We work with everyone from the Teamsters to the Society for Human Resource Management to inform and influence credentialing and employment programs, as well as provide wrap-around services such as transportation and child care. Advice might include on-the-job training on military installations to educating HR professionals on ways to understand a military resume. Easter Seals affiliates have a stake in this effort, too:

•    Veterans Staffing Network, operated by Easter Seals DC | MD | VA, offers temp-to-perm and direct-hire solutions for veterans, National Guard, Reserves, wounded warriors, and their spouses.
•    WorkFirst, Easter Seals Southern California and Operation Vets THRIVE, Easter Seals TriState, provide employment services and referrals for veterans and families transitioning out of the military and integrating back into communities.


One easy way to fight obesity in people with disabilities

The well-being initiatives at Easter Seals Iowa earned them a Blue Zones worksite designation last year, and I’m pleased to introduce Easter Seals Iowa’s Wellness Coordinator Melanie Asbe as a guest blogger today to tell you about their wellness efforts.

Go, Mary-Kate, Go!

by Melanie Asbe

Treadmill-Iowa client-NCHPAD


Obesity rates for children and adults with disabilities are far higher than rates for children and adults without disabilities, according to reports from the Centers for Disease Control and Prevention. With this statistic in mind, Easter Seals Iowa has made a commitment to make our organization a healthier place to work. We’ve made tangible changes to our worksite environment and have started programs to support the well-being of our clients and employees.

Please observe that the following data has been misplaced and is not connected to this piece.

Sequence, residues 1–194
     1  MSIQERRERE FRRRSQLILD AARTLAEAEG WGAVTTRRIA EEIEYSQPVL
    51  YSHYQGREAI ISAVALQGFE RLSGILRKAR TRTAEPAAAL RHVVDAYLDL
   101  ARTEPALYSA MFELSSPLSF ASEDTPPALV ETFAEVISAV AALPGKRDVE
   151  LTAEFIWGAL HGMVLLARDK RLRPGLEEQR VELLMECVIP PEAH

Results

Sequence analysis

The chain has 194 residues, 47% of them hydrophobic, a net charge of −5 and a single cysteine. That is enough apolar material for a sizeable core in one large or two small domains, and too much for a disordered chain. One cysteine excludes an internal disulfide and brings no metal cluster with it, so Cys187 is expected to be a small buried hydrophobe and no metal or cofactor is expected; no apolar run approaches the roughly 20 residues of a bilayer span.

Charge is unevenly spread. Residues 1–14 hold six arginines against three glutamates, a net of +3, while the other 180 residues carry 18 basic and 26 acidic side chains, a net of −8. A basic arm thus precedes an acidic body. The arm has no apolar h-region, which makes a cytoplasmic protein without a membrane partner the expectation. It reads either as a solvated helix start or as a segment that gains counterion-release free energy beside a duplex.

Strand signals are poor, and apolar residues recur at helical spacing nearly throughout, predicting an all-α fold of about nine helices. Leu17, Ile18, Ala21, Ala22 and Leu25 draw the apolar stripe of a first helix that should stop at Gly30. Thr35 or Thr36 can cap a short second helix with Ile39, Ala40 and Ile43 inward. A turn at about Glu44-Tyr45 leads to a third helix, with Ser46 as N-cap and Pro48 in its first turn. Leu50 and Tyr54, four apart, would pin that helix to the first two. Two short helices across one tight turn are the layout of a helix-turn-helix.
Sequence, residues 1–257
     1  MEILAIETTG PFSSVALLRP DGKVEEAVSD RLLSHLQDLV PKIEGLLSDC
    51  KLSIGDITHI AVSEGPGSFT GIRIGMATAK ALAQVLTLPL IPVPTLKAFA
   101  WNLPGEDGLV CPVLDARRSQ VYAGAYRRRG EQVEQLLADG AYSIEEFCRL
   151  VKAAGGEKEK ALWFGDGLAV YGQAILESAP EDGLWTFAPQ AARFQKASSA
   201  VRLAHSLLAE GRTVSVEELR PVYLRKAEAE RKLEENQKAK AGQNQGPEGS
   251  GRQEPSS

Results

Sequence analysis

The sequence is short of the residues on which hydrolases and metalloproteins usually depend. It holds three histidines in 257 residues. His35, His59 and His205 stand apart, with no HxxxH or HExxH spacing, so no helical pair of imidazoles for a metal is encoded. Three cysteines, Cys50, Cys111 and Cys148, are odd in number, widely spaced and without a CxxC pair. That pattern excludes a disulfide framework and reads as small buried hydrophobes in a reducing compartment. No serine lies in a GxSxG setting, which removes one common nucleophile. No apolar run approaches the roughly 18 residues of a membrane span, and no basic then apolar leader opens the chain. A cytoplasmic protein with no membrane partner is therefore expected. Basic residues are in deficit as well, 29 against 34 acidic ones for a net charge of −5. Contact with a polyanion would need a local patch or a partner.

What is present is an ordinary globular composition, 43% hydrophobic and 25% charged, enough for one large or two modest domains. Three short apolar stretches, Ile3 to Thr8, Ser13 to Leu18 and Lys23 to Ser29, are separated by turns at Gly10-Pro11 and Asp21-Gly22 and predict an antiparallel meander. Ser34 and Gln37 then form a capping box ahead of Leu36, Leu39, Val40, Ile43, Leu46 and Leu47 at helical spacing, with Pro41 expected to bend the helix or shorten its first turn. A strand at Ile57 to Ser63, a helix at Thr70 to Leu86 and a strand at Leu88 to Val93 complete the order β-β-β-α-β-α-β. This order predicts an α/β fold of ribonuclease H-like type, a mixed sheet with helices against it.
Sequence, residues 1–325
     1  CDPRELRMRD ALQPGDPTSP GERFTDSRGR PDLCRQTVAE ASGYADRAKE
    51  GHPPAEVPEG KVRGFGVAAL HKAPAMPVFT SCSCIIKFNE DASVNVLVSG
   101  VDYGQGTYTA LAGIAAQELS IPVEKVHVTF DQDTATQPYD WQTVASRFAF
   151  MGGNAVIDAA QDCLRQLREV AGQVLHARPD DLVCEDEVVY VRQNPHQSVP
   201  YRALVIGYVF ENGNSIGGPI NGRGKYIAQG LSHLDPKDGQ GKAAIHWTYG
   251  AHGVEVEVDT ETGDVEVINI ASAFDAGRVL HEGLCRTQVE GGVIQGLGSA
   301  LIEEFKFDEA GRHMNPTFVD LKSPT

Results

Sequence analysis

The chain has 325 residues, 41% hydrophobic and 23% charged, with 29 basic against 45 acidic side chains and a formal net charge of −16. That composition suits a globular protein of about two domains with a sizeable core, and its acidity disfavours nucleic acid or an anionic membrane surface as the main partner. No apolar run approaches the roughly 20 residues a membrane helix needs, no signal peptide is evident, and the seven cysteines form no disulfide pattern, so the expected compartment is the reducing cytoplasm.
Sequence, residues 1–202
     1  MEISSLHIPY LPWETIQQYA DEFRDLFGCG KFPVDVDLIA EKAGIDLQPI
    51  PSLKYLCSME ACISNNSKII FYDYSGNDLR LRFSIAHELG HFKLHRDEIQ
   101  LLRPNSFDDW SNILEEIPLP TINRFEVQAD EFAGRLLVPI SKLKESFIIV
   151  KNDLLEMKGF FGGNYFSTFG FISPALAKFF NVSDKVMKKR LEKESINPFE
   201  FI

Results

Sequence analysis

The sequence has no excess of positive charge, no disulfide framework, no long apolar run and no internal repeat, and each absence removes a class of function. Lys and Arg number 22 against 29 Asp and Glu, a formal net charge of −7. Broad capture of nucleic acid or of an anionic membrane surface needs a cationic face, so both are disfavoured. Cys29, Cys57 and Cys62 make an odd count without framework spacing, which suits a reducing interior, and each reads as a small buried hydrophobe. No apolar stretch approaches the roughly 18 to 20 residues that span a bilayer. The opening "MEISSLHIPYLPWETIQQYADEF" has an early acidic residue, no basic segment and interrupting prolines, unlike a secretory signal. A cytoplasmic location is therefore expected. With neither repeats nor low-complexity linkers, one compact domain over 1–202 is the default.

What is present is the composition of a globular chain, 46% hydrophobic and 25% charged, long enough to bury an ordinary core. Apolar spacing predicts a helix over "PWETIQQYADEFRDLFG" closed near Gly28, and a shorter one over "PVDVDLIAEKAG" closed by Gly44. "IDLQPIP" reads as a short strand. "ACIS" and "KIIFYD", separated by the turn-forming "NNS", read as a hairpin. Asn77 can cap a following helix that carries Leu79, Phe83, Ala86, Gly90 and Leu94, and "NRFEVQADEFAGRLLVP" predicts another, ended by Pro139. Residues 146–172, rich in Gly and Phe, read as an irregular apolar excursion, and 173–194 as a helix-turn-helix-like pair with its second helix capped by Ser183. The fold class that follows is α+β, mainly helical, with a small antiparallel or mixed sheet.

One example: we’ve piloted a Fitbit competition between staff and clients in one of our departments. The Fitbit is a wireless activity tracker that is worn on the wrist. During the day, it tracks steps, distance, and calories burned. At night, it tracks your sleep quality and wakes you silently in the morning.

Mary-Kate Dorrlacombe, an Easter Seals client who has a developmental delay, saved her money for half of the cost of a Fitbit and one of the departments at Easter Seals Iowa contributed the other half of the funds. In just two weeks of having the Fitbit, she lost three pounds. Mary-Kate sends staff weekly summaries of her total distance, steps, sleep, and calories burned, and she feels she’s come a long way since using Fitbit. In her words:

  • I find myself doing things I wouldn’t imagine I would’ve been doing five years ago.
  • I find myself eating healthier and trying new foods.
  • I find myself working out regularly and playing lots of sports.
  • I find myself going out of my way to use the steps instead of the elevator.

PlankMary Kate also says her Fitbit has given her more confidence in her decisions to be healthy. She was able to cut soda pop out of her diet completely and continues to lose weight since purchasing her Fitbit. Staff and fellow clients at Easter Seals Iowa are very proud of Mary Kate and can’t wait to see where this will take her in 2015. Happy (Fit) New Year!

Easter Seals works with the National Center on Health, Physical Activity and Disability (NCHPAD) to support accessible fitness facilities, activities and programs in local communities.


Visual art made accessible, part 1

I’ve written here before about people trying to make visual art accessible to those of us who can’t see. I know they have good intentions, but I think they try too hard. It’s called visual art for a reason: you need your eyes to take it in.

Every piece of art tells some sort of story, however, and when you think about it, the creation of every piece of art is a story in itself. Rather than jump through hoops to let people who are blind touch visual art or use our other senses to take it in, how about simply telling the story of how the work was created? People who are blind can appreciate a good story, and those with vision will benefit from learning the backstory as well.

This past month two visual artists I know sent me wonderful stories about their work. I’ll tell you about one of them today, and introduce you to the other one in my next blog post.